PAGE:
Rwanda, Uganda move to beef up border security
The Governments of Rwanda and Uganda have appointed joint committees to analyse the security situation at Gatuna and Cyanika border posts, which will inform decisions to enhance security at the two Northern Corridor outlets.
The committees were established during a meeting held at the two borders on Saturday, chaired by the two police chiefs, Inspector General of Police Emmanuel Gasana and his Ugandan counterpart, Lt. Gen Kale Kayihura.
Chief Supt. Celestin Twahirwa, the commander of traffic police, confirmed the development yesterday, in a telephone interview.
“The two IGPs held a meeting with border staff of both sides at Gatuna and Cyanika. The aim was to evaluate border security and look into matters that affect security along the borders, ranging from illegal crossing and migration,” Twahirwa said.
The tour of the Northern Corridor by the two police chiefs marked the end of Gasana’s three-day visit to Uganda.
The Northern Corridor is the route that links east African countries to the port of Mombasa.
Gasana’s visit was part of the evaluation of the implementation of the resolution adopted during the Eastern Africa Police Chiefs Cooperation Organisation (EAPCCO) meeting held in Kigali last year.
He is the current chair of the regional police body.
It was also a reciprocal visit following Kayihura’s recent visit to Rwanda.
“Because of porous borders, it is very easy to cross. There are other issues such as lack of enough infrastructure at both sides; drugs – Kanyanga and other illicit substances …all these issues have to be addressed appropriately,” Twahirwa added.
Though measures have been put in place to help fight the trade and consumption of illicit drugs like marijuana and Kanyanga, the offences continue to top the crime list, with 2720 cases registered last year.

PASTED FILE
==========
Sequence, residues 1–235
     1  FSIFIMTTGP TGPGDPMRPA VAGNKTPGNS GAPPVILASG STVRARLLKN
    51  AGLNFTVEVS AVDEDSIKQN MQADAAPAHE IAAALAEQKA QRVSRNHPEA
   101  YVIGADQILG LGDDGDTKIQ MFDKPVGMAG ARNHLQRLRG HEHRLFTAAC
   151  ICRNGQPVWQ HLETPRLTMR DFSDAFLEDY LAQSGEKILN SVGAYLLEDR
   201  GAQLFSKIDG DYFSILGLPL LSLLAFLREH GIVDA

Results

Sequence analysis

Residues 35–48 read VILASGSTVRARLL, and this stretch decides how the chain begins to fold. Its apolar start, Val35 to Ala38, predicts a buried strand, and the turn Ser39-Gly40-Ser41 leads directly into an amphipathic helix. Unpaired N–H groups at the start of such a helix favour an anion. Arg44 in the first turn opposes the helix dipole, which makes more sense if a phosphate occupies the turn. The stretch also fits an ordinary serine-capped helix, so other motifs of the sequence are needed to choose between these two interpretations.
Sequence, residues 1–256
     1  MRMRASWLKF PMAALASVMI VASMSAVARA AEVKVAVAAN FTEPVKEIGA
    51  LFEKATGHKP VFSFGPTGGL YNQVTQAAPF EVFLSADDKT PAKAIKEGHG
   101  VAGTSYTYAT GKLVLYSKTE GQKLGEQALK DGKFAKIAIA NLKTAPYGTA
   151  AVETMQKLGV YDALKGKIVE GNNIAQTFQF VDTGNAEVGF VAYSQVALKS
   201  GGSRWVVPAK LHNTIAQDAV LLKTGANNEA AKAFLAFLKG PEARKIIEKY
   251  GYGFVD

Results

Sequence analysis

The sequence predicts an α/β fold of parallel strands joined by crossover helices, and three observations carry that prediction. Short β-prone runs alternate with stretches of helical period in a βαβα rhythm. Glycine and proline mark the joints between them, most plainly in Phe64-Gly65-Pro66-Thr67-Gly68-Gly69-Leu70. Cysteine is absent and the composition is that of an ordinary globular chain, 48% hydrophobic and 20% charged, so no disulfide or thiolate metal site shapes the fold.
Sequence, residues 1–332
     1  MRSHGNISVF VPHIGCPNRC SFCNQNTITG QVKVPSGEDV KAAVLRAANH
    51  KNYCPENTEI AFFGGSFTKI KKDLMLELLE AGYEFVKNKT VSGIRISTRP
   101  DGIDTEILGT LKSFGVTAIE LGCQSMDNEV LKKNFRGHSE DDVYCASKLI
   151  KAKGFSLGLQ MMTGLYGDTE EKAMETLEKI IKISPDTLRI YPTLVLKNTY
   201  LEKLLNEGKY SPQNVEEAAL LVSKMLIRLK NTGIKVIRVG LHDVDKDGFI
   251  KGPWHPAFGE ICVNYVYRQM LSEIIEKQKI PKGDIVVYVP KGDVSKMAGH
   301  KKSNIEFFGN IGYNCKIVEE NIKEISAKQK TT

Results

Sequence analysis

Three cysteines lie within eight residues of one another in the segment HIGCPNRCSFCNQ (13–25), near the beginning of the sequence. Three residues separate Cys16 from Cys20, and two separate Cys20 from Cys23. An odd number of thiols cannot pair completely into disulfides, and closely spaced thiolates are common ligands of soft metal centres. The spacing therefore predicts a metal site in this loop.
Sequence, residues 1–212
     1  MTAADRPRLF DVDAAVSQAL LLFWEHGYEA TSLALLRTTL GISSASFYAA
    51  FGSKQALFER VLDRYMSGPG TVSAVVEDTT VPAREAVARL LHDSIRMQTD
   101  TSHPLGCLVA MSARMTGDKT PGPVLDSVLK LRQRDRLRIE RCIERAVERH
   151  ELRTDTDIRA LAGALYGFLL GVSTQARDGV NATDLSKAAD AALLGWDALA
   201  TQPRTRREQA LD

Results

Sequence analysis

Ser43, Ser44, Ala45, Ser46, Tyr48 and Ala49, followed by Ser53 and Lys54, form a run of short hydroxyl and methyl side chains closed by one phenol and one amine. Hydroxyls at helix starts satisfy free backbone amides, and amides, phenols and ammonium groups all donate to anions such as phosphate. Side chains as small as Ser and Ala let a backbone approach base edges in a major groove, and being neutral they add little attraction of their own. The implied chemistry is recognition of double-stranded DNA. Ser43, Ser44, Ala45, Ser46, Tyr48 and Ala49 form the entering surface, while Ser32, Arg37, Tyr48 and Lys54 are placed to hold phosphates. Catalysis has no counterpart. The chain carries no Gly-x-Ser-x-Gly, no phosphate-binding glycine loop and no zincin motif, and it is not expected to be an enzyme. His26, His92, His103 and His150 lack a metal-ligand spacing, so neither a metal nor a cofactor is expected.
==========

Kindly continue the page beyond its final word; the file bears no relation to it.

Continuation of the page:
In this year’s first two months alone, 592 people, among them 57 females, were apprehended and over 1,000 litres of the lethal brew and 659 kilos of marijuana seized.
Kanyanga is believed to be sneaked in from Uganda while marijuana is believed to be peddled from Tanzania and the DR Congo.
“They also discussed the possibilities of jointly acquiring scanners to facilitate checks along the borders so as to improve on the way of handling trade. But this is a process that will need the involvement of higher authorities,” he stated.
Though Rwanda already has a scanner for goods, Twahirwa explained that there is still need for a scanner for passengers and their luggage.
“The police also discussed the Congolese refugees around our borders. A committee was also set up to look into the matter and advise on the right way to approach it. But it is not a big threat so far,” he said.
More than 8,000 and 10, 000 Congolese have fled into Rwanda and Uganda, respectively, escaping clashes between DRC military and rebels in the country’s North Kivu province.
Contact email: bosco.asiimwe[at]newtimes.co.rw